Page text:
Lexy Campbell recommends the poignant Netflix documentary, 'Heroin(e),' which delves deep into the opioid crisis in Huntington, West Virginia, often labeled as the overdose capital of the U.S. The film paints a compelling narrative by following three resilient women from diverse backgrounds, all united in their efforts to combat the devastating impact of drug addiction in their community.
The C.D.C. found that teenage girls, as well as gay, lesbian, and bisexual individuals, have reported increasing rates of sadness, suicidal thoughts, and sexual violence. Every two years the Youth Risk Behavior Survey is administered to high schoolers across the United States, and since 2011, deteriorating mental health rates have increased. The most recent survey showed that 3 in 5 teenage girls felt persistent sadness, 1 in 3 girls seriously considered suicide attempts, and more than 1 in 5 gay, lesbian, and bisexual individuals reported suicide attempts in the year before the survey was administered.
This data presents the highest rates of adolescent sadness in a decade, and these worsening rates are believed to be partly associated with the isolation and stress of the COVID-19 pandemic. Moreover, doctors and researchers are finding that female, gay, lesbian, and bisexual adolescents are disproportionately affected by sexual violence. Additionally, females are affected by cyberbullying at rates double that of boys. These factors are thought to be associated with the increasing rates of poor mental well-being among these groups.
It is important to raise awareness of increasing mental health issues among adolescents and especially among girls, as well as gay, lesbian, and bisexual individuals.
If you or someone you know is having thoughts of suicide, call or text 988 to reach the National Suicide Prevention Lifeline or go to SpeakingOfSuicide.com/resources for a list of additional resource
— By Rebecca Sugerman
By Jan Hoffman, NY Times
This week, experts announced that Narcan should be made available to purchase without a prescription. Narcan is an overdose-reversing nasal spray, and many doctors and advocacy groups have been fighting to make this an over-the-counter drug for a while. This change will allow Narcan to be easily accessible in homes, schools, and other public places, thus preventing many fatalities. Overdoses have become increasingly common over the past few years, and while Narcan has become commonly used, it has only been administered by healthcare workers, like providers and emergency responders.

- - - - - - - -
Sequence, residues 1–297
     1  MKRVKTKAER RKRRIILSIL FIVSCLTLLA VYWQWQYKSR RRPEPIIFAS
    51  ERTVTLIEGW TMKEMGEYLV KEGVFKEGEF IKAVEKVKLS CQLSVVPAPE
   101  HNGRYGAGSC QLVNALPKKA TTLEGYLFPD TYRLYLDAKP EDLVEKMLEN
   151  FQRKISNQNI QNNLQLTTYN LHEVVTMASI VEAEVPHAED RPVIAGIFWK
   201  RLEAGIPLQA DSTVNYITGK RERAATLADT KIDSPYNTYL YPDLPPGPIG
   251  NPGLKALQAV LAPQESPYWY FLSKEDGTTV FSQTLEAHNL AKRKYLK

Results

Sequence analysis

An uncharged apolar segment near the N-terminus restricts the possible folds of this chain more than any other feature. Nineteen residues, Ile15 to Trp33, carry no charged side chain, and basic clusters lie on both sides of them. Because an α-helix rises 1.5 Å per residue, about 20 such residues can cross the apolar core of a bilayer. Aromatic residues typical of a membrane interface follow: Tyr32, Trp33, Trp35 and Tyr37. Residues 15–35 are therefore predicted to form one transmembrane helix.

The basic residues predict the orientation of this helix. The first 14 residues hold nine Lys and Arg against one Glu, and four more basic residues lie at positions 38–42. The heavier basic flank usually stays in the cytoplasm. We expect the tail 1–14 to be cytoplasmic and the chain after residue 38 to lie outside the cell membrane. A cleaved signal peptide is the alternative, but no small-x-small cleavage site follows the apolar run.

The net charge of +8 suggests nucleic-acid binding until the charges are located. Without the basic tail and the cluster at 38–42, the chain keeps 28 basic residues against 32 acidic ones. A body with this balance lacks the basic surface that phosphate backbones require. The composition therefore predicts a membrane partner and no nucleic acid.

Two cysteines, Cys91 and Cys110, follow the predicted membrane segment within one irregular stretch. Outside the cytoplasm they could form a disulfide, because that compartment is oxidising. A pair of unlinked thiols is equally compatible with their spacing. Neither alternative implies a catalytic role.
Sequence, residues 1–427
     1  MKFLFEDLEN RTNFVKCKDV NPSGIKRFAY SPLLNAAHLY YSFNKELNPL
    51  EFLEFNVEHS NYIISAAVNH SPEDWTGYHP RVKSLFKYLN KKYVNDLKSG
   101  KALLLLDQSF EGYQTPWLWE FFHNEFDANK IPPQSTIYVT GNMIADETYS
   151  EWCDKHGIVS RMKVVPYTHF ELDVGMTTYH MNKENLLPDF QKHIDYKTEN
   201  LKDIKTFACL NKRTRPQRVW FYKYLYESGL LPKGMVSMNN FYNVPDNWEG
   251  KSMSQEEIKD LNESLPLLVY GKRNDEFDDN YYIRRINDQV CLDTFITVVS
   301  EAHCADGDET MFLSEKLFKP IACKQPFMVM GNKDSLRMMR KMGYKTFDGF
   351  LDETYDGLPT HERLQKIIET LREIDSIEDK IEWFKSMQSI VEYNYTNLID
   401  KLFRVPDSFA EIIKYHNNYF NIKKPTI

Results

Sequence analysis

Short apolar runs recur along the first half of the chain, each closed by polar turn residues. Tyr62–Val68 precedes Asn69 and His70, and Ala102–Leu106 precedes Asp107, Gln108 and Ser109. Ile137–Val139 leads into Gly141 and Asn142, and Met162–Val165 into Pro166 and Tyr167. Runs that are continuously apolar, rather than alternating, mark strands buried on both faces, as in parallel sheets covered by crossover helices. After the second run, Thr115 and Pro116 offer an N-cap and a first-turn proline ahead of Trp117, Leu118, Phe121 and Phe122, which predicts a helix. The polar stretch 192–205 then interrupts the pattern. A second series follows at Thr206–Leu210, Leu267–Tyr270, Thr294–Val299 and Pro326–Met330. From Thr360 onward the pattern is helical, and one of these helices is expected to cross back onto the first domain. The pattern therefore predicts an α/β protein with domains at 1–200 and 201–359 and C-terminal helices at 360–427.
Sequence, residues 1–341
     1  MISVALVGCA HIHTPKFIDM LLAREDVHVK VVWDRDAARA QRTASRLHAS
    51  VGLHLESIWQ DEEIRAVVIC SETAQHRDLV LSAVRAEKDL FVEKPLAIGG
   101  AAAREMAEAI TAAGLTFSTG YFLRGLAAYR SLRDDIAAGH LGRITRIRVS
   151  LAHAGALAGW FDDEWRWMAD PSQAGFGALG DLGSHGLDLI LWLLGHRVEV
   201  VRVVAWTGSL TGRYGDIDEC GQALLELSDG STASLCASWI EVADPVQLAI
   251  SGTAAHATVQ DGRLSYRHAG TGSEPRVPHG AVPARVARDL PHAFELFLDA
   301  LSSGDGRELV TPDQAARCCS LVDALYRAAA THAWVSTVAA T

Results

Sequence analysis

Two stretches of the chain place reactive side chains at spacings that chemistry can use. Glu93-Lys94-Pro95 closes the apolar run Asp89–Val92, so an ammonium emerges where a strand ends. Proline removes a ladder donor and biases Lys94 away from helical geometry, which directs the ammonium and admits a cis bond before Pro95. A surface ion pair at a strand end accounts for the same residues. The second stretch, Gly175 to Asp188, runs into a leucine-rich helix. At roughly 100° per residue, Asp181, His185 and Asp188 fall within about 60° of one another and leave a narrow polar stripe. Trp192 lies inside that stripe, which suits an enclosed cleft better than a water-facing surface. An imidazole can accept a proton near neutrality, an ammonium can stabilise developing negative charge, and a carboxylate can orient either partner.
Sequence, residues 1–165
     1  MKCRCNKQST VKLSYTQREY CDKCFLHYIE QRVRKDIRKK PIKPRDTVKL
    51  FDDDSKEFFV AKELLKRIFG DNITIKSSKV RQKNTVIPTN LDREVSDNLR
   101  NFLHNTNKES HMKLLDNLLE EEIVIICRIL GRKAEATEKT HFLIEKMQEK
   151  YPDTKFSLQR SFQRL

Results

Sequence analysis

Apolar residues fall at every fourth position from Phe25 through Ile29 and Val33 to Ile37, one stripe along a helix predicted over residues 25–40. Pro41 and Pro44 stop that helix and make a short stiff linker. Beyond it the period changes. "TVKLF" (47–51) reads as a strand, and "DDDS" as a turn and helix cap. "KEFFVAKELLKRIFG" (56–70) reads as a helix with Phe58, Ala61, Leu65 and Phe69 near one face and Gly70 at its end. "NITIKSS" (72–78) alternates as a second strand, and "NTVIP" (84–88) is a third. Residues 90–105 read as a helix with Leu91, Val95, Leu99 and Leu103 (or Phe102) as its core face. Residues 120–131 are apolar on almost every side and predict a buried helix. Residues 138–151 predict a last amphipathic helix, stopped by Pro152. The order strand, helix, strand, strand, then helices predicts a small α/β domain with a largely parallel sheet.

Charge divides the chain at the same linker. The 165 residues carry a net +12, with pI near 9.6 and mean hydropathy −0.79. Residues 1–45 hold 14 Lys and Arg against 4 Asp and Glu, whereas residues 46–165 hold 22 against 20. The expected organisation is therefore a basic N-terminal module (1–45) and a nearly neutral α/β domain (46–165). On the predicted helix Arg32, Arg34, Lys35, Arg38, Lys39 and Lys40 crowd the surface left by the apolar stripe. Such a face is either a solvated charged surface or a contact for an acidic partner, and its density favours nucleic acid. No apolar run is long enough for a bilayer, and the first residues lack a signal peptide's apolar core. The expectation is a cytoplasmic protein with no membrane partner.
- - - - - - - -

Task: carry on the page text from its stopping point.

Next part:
Due to the rising amounts of overdose deaths in recent years, the Biden Administration has prioritized expanding access to the drug. In 2021, there were 107,000 overdose deaths, including fatalities from opioids and other illegally prescribed prescription drugs. It was also noted in the panel that the nasal spray has no potential for misuse or abuse, and there is no medical training necessary to administer the drug. Panelists claim that the expansion of Narcan will help reduce the stigma towards people who use drugs, as well as increase the public’s awareness of the overdose crisis. If the F.D.A. approves an over-the-counter version of Narcan next month, we will see it available in stores and pharmacies as soon as this summer.
— By Jordyn Rosenberg
By Tina Reed, Axios
A new report from the CDC surveyed over 18,000 parents about their children’s nutrition. The study focused on children ages 1 to 5 in the United States and found that nearly half (49.1%) of all young kids aren’t eating daily vegetables. Additionally, about 1 in every 3 (32.1%) kids were reported as having not consumed a daily fruit in the prior week. The quality of a child’s diet has serious implications for their growth and development. This report should seriously alarm public health officials for two reasons: 1) there has already been an increased focus on chronic diet-related illnesses and the subsequent funding towards food as medicine programs. 2) The survey uncovered glaring health disparities in the U.S. regarding access to nutritional foods. Results drastically varied by state, with Vermont having double the children who ate daily vegetables during the prior week compared to Louisiana. Further, Mississippi also had a whopping 80% of all children surveyed consuming a sugar-sweetened beverage in the prior week.
The report was also marked by a stark difference in race and ethnicity as relating to the quality of nutrition for children. Non-Hispanic black children had the highest likelihood of not consuming a daily fruit or vegetable, matching with statistics of states with large populations of minority demographics. States need to address this health disparity by prioritizing efforts to improve early childhood nutrition through the funding of programs that directly target food deserts and areas of food insecurity.
— By Nolan Shah
Items contributed by: Rebecca Sugerman, Jordyn Rosenberg, and Nolan Shah